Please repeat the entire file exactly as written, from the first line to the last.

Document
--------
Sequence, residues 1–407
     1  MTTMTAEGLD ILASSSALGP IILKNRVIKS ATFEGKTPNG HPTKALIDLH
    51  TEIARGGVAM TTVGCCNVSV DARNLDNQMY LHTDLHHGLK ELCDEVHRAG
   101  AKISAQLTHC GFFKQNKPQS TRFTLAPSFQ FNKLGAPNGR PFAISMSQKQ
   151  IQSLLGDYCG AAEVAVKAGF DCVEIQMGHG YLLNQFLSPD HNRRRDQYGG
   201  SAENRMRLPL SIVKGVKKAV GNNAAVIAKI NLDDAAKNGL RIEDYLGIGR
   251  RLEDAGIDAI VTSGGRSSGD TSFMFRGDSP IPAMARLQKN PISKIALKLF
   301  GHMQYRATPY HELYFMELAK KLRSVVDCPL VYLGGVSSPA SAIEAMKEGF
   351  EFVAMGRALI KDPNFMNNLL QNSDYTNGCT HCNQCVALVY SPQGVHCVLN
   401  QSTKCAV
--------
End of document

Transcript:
Sequence, residues 1–407
     1  MTTMTAEGLD ILASSSALGP IILKNRVIKS ATFEGKTPNG HPTKALIDLH
    51  TEIARGGVAM TTVGCCNVSV DARNLDNQMY LHTDLHHGLK ELCDEVHRAG
   101  AKISAQLTHC GFFKQNKPQS TRFTLAPSFQ FNKLGAPNGR PFAISMSQKQ
   151  IQSLLGDYCG AAEVAVKAGF DCVEIQMGHG YLLNQFLSPD HNRRRDQYGG
   201  SAENRMRLPL SIVKGVKKAV GNNAAVIAKI NLDDAAKNGL RIEDYLGIGR
   251  RLEDAGIDAI VTSGGRSSGD TSFMFRGDSP IPAMARLQKN PISKIALKLF
   301  GHMQYRATPY HELYFMELAK KLRSVVDCPL VYLGGVSSPA SAIEAMKEGF
   351  EFVAMGRALI KDPNFMNNLL QNSDYTNGCT HCNQCVALVY SPQGVHCVLN
   401  QSTKCAV